Serena Williams

Serena vs. Sharapova in Paris: the Olympic Rematch

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You have to go all the way back to the Athens Games – yes, those held in 2004 – to find a calendar year when Maria Sharapova has beaten Serena Williams in a tennis match.

The Russian star, who burst onto the scene as a 17-year-old winning Wimbledon amid the pre-recession glory days, hasn’t beaten Serena, whom she took down for her first title, since November 2004 at the WTA Championships. It’s a streak of twelve straight matches for the American, including the London Olympics final last summer.

It was there that Serena issued the most rounding defeat of her lanky opponent, relenting just one game (6-0, 6-1) in the gold medal match less than a year ago. Saturday’s French Open Final at Roland Garros will mark the first time they’ve met in a major final since London.

Sharapova, now 26, would like nothing more than to finally exact some revenge on her 31-year-old nemesis, who hasn’t lost a single Pro Tour match since February – 29 and counting.

But Maria says her 2-13 overall record vs. Serena is looming in the back of her mind. How could it not?

“I would be lying if I didn’t say it bothered me,” Sharapova told the press Thursday in Paris. “You know, of course I have lost to her numerous amounts of times. When I go out there, I obviously — whatever I have done, like I said in the past, has not worked. You try to go out there and do something different because whatever you have done just hasn’t performed well. I hope that I can.”

Does Serena want a 6-0, 6-0 drubbing? Going one better? She certainly tried at the Olympics.

“That would have been awesome only because against Maria, if you give her any hope, she’s trying to come back,” Serena said after her gold medal performance. “It was important for me to go out there and do everything I could to win.”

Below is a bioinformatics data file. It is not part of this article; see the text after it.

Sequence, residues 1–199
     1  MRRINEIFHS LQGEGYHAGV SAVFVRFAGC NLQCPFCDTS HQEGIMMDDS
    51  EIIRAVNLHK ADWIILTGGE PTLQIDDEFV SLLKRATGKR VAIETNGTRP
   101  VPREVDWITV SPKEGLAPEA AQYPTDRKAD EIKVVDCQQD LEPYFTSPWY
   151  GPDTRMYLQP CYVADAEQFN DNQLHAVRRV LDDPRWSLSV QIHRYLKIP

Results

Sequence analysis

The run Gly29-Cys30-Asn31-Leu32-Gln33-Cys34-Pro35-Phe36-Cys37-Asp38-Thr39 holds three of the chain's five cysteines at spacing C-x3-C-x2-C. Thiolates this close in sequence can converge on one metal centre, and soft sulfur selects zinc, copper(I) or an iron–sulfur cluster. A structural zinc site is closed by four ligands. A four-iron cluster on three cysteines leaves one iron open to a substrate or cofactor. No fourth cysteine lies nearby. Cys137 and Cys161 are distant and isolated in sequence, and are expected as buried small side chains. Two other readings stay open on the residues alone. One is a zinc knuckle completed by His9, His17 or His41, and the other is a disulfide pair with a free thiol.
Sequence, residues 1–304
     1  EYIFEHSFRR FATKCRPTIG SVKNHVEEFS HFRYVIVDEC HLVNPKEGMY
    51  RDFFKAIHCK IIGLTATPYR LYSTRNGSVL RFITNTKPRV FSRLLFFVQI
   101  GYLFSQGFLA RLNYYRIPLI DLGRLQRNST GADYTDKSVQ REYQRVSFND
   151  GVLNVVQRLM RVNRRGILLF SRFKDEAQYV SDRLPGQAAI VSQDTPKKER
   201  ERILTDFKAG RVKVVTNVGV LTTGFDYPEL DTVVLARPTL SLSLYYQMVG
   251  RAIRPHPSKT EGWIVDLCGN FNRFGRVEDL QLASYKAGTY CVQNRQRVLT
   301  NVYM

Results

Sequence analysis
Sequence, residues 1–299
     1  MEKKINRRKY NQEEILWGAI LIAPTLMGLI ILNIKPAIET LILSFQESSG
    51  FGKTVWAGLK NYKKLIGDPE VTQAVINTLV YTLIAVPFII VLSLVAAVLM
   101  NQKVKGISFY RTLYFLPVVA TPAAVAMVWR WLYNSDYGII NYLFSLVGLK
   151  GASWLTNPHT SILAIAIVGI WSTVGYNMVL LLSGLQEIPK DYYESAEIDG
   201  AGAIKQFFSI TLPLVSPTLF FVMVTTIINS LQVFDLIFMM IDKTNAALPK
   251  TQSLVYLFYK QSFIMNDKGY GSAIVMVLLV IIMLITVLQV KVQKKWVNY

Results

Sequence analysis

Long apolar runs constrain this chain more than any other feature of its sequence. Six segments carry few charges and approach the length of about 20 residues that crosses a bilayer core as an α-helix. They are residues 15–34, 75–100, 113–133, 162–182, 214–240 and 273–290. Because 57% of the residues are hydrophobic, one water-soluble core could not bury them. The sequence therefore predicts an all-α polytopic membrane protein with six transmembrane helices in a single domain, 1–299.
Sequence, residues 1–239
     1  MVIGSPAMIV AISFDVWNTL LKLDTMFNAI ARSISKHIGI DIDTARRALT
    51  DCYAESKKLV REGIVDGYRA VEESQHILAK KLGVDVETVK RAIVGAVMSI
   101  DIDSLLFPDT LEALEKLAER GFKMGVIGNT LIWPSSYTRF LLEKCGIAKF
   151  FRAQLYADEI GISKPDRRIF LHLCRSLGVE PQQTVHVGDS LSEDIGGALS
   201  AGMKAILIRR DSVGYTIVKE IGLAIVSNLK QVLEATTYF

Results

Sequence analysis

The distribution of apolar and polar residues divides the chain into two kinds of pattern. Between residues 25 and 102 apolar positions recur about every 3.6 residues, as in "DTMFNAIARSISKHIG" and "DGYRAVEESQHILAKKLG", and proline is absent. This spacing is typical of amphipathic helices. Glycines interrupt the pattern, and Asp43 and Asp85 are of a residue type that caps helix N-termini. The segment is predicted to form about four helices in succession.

It might depend on who’s hungrier: For Serena, she’s chasing her first Roland Garros crown since 2002. And Maria? She’s the defending champion on the red dirt of Paris.

“But going into a French Open final, [our record] doesn’t matter,” Sharapova mused. “It all starts from zero. You’ve got to play until the last point, and, you know, believe in yourself.”

Francesco Friedrich wins historic fourth straight bobsled world title

German bob team, Francesco Friedrich, right, and Thorsten Margis, celebrate their victory  after the men's  two-man bob race at the  Bobsleigh and Skeleton World Championships at Lake Koenigssee, Germany, Sunday Feb. 19. 2017. (Angelika Warmuth/dpa via AP)
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KOENIGSSEE, Germany (AP) — Germany’s Francesco Friedrich was again fastest in both runs to extend his lead and beat Justin Kripps of Canada for his fourth straight world championship in two-man bobsled on Sunday.

Friedrich, who held a 0.52-lead from Saturday’s opening heats, clocked 49.17 seconds and then 48.94 with his brakeman Thorsten Margis for a combined time of 3 minutes, 16.71 seconds after four runs — 1.20 ahead of Kripps and Jesse Lumsden.